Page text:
The next step is to apply 2 to three coats of a
natural resin varnish. DO NOT USE A POLYURETHANE OR ANY VARNISH THAT HAS
POLYURETHANE IN IT. IT MAY NOT ADHERE TO SHELLAC. I use a varnish
manufactured by H Behlen & Bro. This is called Rock Hard Table
Top Varnish. It is a natural resin varnish that contains no poly. Reduce
each coat approx. 20 percent with Behlen’s Rock Hard Reducer. This works
out to 4 parts varnish and 1 part reducer. I use a foam brush to apply
this varnish, but if you are used to using a bristle brush and get good
results, stick with it. Let each coat dry at least 24 hours (longer if
you are in a humid area). Scuff sand very lightly with 320 grit paper
between coats. After the last coat is applied, if the sheen does not
look even, you may apply a few additional coats until you achieve a
uniform sheen. This is a gloss varnish, if you wish to obtain a
semi-gloss or satin finish, simply wait about a week for the finish to
cure and then rub out with 600 grit paper and rubbing oil or use 0000
steel wool or synthetic non-woven
abrasive pads. If you go with the synthetic pads, purchase the fine type. The light
gray color is usually equivalent to 000 or 0000 steel wool. If desired,
you may also apply a coat of high quality paste wax after rubbing.
2. Shellac / Wax Finish
On furniture or wooden objects that don’t need maximum protection such
as a wall clock, dresser or just trim, I have often just used a few
coats of shellac and the applied a coat of paste wax over it. After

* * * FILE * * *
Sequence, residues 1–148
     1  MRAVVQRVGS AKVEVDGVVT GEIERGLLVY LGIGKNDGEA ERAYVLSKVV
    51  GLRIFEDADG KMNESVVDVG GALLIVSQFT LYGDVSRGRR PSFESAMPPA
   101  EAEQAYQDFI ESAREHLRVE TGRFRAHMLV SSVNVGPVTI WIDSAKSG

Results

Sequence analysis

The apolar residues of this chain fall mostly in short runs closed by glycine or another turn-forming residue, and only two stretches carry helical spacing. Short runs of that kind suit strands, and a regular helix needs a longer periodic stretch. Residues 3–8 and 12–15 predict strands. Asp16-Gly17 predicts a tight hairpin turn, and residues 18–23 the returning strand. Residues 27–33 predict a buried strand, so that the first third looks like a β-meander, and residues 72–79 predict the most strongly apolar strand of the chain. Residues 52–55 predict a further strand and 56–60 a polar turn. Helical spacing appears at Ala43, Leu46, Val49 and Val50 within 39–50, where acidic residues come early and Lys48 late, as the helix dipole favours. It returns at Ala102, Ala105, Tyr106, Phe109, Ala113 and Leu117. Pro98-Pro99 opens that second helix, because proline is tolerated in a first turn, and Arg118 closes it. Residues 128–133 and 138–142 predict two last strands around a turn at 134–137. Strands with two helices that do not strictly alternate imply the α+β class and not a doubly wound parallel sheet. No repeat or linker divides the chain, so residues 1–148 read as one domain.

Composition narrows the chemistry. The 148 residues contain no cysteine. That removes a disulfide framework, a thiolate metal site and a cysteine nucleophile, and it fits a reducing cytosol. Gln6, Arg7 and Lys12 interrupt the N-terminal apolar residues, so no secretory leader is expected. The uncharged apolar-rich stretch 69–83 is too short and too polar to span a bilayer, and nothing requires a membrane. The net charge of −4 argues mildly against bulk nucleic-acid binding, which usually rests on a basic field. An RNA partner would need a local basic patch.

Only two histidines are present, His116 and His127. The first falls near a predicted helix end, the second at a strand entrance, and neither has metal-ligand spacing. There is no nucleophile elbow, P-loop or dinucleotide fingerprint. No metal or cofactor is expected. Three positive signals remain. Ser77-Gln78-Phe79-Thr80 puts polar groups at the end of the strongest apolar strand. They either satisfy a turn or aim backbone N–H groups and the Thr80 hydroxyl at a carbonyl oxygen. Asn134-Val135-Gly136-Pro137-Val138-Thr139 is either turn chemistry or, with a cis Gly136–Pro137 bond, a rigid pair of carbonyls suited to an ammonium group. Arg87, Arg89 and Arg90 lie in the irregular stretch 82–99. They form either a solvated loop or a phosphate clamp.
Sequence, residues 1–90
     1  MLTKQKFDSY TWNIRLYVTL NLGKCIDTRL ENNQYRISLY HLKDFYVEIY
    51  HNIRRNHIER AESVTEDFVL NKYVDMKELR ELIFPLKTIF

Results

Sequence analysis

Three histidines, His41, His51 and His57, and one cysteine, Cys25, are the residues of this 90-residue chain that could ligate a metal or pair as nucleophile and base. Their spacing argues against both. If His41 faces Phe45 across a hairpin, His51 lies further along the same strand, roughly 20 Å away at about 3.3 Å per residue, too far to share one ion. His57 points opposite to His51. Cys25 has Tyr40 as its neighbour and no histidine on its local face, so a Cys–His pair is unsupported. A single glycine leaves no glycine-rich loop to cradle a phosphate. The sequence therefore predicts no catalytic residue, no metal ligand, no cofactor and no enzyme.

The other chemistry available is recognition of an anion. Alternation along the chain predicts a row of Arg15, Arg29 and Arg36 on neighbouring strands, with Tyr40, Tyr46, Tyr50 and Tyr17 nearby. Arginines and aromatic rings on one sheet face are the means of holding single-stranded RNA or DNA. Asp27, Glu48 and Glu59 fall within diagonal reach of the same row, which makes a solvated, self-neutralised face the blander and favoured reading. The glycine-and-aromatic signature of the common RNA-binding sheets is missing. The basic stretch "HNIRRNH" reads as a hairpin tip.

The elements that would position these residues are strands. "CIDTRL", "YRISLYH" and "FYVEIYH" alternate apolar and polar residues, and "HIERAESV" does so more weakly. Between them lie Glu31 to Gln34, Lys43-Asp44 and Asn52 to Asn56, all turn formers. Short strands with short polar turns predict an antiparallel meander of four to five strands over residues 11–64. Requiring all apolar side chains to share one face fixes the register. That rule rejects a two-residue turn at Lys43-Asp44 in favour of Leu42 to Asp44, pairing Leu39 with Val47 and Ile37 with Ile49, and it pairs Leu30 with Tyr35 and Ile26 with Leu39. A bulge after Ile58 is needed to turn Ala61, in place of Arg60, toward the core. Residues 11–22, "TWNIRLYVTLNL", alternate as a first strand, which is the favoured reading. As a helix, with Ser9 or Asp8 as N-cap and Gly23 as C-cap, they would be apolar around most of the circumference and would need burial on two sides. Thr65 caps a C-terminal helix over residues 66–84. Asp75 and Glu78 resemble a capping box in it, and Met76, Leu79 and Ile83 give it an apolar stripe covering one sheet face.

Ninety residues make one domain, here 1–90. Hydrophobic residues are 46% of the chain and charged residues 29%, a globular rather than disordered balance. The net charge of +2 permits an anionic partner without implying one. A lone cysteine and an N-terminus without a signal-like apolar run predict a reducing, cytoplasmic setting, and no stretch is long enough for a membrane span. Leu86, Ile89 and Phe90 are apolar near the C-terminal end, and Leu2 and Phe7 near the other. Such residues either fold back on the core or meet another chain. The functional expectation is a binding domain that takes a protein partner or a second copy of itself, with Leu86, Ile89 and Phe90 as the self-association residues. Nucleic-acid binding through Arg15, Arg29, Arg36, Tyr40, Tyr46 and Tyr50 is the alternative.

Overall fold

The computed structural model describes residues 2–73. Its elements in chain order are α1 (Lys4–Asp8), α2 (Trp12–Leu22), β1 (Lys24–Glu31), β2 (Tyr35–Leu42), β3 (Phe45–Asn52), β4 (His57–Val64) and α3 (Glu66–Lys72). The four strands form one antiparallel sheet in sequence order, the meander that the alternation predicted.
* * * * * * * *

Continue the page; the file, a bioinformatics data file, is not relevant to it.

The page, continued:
wiping down the surface with quick evaporating solvent, (acetone,
lacquer thinner) apply four thin coats of shellac using the same mixture
and process as described in the previous process. Let the four coats of
shellac dry at least 3 days, then sand lightly first with 320 grit paper
to remove any dust nibs and smooth out any brush marks. After sanding
with 320, use 600 grit to smooth the surface and leave a mellow sheen.
Wipe off dust and apply a coat of high quality paste wax such as Briwax
or Minwax Paste Wax. Apply the wax with a soft lint free cotton cloth, let it
haze over, then buff it out with a clean cotton cloth. This technique
will yield a very mellow, low luster finish that is beautiful not only
to look at but to touch.
3. For A Natural Look- Simply Wax
When I have to finish a decorative wooden object that will not be
handled much, therefore needs little protection but also has to look and
feel as close as possible to its natural appearance, I simply apply a
paste wax only. Here the color of the wax is important. If you are
finishing a lighter colored wood such as teak, use a natural or clear
colored paste wax so the natural color will not change much. On the
other hand, if you are finishing a darker wood, such as rosewood or
cocobolo, I suggest you use one of the colored waxes, such as
you use a light colored wax on dark woods, the wax may build in the
pores and make the pores appear light. Dark wax will blend in better
with darker woods and even accent the pores. Briwax comes in a number of
colors. Along with clear, it is available in Dark Brown, Light Brown,
Antique Mahogany (reddish brown good for rosewoods), Golden Oak and
REMEMBER. ALWAYS TEST FINISHES AND FINISHING TECHNIQUES ON SCRAP BEFORE
USING THEM ON YOUR GOOD WORK.